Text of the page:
With financials they all report on a 30, 60, 90 past due list. Most, not all, bad loans have a history of being past due. These loans are reviewed and often taken to loan review meeting, really they are somewhat difficult to hide.
Now the smaller loans may slip by, true.
This same review process may not apply to smaller community banks but it does at super=regionals.
on whether a bank is properly recognizing its problems and reserving for them. If your lenders aren't experienced enough or are afraid to identify a problem then problems are buried until they are too late to solve. It will be interesting to see how good BB&T and other banks are at identifying and dealing with their problem loans.
As a shareholder I hope they are on top of it but in truth, none of us know for sure and that is always the risk of investing in financials.
True. Buts it real important to figure out where we are in the economy. Just going into a slow economy, or are we already in the middle of it and perhaps starting to pass the mid way point. we get last quarters results after they have already happenned. I am thinking the economy is near the middle of the cycle as opposed to the beginning of the slowdown.
The BBT 1,2,3, year chart indicates a double bottom is already in place, sure, we could retest the lows and then move higher.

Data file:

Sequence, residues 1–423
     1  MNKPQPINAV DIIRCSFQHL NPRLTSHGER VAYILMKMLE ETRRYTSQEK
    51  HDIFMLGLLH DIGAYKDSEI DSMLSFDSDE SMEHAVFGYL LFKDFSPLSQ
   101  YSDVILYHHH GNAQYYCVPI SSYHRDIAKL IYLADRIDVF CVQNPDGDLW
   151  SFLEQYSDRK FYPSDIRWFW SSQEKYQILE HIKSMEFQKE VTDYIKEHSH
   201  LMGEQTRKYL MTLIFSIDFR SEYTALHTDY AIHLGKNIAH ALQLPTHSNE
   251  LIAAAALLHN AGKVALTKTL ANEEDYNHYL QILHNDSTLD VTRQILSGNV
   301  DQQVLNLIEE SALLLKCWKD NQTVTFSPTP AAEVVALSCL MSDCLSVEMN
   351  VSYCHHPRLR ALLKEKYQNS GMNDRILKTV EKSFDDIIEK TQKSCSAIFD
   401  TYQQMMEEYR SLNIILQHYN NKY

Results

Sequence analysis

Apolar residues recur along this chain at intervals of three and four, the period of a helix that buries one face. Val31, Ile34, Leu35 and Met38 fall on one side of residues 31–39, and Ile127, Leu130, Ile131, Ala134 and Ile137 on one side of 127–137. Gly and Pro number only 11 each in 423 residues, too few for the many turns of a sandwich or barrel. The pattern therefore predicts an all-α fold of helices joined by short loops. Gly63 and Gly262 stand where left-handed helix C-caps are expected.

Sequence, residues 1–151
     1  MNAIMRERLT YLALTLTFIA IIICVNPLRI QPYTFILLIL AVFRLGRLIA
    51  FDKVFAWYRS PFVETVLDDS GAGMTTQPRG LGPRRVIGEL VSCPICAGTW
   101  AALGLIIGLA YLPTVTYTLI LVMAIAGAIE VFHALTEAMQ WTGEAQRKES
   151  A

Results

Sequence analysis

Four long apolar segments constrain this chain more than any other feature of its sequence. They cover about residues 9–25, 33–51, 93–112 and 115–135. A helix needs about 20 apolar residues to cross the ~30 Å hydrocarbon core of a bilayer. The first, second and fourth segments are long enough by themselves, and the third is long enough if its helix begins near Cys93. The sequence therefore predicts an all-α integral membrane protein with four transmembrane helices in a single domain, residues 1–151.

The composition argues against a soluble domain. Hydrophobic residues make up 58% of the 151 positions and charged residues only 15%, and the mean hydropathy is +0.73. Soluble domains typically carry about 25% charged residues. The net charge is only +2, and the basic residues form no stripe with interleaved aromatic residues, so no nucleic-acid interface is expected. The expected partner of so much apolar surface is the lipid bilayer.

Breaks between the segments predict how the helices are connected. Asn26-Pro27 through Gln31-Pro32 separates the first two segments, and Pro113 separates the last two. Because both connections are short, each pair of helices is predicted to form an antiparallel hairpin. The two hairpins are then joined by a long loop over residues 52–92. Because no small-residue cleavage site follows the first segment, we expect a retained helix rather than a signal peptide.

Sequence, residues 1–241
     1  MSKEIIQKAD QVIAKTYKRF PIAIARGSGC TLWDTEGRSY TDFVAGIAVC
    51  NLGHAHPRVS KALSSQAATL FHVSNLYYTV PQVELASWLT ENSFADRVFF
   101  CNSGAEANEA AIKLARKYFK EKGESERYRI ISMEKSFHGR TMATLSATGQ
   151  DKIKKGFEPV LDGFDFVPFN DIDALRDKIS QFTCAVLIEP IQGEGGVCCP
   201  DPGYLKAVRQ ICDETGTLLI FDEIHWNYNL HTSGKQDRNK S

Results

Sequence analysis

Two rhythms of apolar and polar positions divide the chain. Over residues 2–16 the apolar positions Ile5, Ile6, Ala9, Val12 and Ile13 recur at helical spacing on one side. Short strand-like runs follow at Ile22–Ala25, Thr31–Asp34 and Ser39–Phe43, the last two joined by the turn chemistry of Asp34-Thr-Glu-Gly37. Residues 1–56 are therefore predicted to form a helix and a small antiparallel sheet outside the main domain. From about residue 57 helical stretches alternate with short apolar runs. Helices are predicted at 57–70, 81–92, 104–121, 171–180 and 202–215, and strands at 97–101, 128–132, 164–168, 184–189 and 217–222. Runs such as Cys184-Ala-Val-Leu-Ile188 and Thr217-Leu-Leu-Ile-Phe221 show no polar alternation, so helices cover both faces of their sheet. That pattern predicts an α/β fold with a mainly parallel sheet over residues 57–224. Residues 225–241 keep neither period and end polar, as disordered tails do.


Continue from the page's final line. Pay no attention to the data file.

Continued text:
I agree with you, but no bank is immune to a weakening economy. So, in my opinion, the share price right now is approaching a perfect world scenario. That's why this should and will be trading in the low 30s.
I would think you are correct. Banks risk grade their loans and reserve accordingly. Most all classified (substandard) loans have specific reserves for that individual loan. And I know you know this so I will say it for the benefit of other, that has already been expensed to the reserve and passed through the income statement.
So let's say they have some developer exposure in Ga/Fla. What % of loans does that represent of their total loans? And if the loans go bad what % of the loans do they lose and what do they recoup? I'd be surprised if they don't have some bad loans (else why do they have loan loss reserves).
As I have stated previously on this board the Carolinas and Va represent the larger part of BBT's market. Last time I saw a report BBT had the largest share of any bank of deposits in NC (not Wachovia or BofA).
IMO BB&T's exposure to bad loans is small compared to most banks and unless someone can put figures to their exposure then I will continue to believe that.
How do you figure that? The Fed affects short term rates the most, economics affect longer term rates. Now I've heard banks borrow short (ie customer deposits) and loan long (ie auto loans). So if shorter rates go down more than longer rates seems banks benefit and make more. So please explain how the Fed lowering rates is bad for banks (historically it has been good as the spread widens).